The local Ministry of Agriculture, Food and Rural Affairs (MAFRA) piloted operations of a strawberry-only export flights to Singapore since December 2020, after the COVID-19 pandemic left the industry struggling to sell its produce or get it overseas.
The flights ran at a frequency of four times a week for five months, totalling 88 flights overall, and successfully managed to export some 960 tons of strawberries via this method, around 91% of total strawberry exports to Singapore.
“This tactic has also helped to increase the total strawberry exports to Singapore by 21% year-on-year despite the COVID-19 pandemic,’ said MAFRA via a formal statement.
“Local sales in Singapore have also been successful via intensive marketing initiatives – there was a lot of promotions done in high-end retail stories, and going the digital route using live broadcasting also saw the premium-priced strawberries sell out within three minutes.
“These were also popular with premium foodservice outlets such as dessert shops, restaurants and hotels – we saw 12 of these purchase the strawberries as ingredients for their dessert menus, laying the foundation for Korean strawberries to successfully enter the local premium market.”
Overall, the value of strawberry exports to Singapore increased from around US$12.5mn between December 2019 and April 2020 to around US$15.2mn between December 2020 and April 2021.
Banking on this successful pilot, the ministry now plans to expand its premium export market targets to include flights to more countries in Asia.
“In the future, we also look to secure the premium markets in major target markets such as Hong Kong, Thailand and Vietnam this way,” said the ministry.
“[Apart from export revenue], this is also a good way to increase local incomes [as] it eases the burden of transportation costs and expenses for both farmers and exporting firms.”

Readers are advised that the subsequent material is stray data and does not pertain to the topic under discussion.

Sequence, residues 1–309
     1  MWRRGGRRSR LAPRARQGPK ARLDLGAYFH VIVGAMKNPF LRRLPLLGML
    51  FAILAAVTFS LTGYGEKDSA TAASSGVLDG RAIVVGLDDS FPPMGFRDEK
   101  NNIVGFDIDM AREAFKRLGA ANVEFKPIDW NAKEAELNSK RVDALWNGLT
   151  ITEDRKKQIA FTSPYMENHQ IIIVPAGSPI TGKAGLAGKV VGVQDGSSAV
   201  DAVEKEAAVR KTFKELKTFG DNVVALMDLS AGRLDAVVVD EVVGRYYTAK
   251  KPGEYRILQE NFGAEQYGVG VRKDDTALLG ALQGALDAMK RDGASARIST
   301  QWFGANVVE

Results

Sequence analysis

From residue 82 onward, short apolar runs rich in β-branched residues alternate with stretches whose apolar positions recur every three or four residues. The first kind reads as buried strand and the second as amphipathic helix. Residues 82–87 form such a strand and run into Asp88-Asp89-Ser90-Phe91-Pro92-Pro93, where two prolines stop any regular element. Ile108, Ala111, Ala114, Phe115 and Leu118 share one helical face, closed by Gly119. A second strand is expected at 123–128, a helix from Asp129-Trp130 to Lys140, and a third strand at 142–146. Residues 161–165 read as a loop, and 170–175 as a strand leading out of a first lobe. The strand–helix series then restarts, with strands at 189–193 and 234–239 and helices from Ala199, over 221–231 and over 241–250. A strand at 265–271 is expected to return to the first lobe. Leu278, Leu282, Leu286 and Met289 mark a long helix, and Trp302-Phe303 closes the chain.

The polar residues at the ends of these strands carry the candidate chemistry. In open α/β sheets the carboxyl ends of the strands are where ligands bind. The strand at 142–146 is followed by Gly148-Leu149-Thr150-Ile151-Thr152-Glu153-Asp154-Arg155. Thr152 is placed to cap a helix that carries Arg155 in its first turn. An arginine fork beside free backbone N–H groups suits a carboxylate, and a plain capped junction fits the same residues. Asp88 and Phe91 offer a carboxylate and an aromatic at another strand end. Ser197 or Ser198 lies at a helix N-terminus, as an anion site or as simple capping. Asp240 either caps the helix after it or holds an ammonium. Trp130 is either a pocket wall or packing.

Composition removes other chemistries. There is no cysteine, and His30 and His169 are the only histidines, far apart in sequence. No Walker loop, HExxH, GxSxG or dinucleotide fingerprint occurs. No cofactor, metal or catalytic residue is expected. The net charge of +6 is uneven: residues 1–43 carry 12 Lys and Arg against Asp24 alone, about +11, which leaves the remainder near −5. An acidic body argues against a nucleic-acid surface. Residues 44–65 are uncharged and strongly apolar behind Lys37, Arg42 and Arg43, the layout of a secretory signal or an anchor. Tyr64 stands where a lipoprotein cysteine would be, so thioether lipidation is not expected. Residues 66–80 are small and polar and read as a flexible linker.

Local food prices high but dropping
One of the major reasons South Korea has been willing to invest in its premium exports is because these are not seeing much uptake locally, with consumers more preoccupied in getting everyday necessities at normal prices after severe weather conditions caused the prices of many foods to shoot up.
The nation has been suffering from a series of bad weather events, from monsoons and floods last year to a historic cold wave and heavy snow conditions this year, culminating in a shortage of various food items and pushing prices up.
“Eggs have been one of the most affected items locally, and the government is making efforts to substantially lower prices. Four big hypermarkets (Nonghyup, Homeplus, E-Mart and Lotte Mart) have already started to reduce prices since April,” said MAFRA.
“One of the ways we are bringing prices down is also to increase imports whilst also supplementing subsidies and coupons for local eggs.
“We are aware other staples such as rice have also been badly hit – a production decrease of 6.4% has led to a shortage of supply compared to demand, and so 210,000 tons of stockpiles have been released to the market to resolve the situation.”
The price of apples has also been on the rise, hitting a high of KRW34,302 (US$30.41) for 10 apples – or US$3.04 for one apple - and for this MAFRA admitted that the situation is likely to persist for some time.
“High prices for apples are expected to continue until this year’s fresh fruit harvest in August, because there was an 18.5% drop in overall apple production the last round – prices are currently some 55% higher than the average year,” it said.
As such, local demand for even more expensive fruits such as premium strawberries is unlikely to see a boost any time soon, and looking to new markets willing to pay a premium such as Hong Kong and Thailand are likely the best solution to selling the next round of strawberry harvests.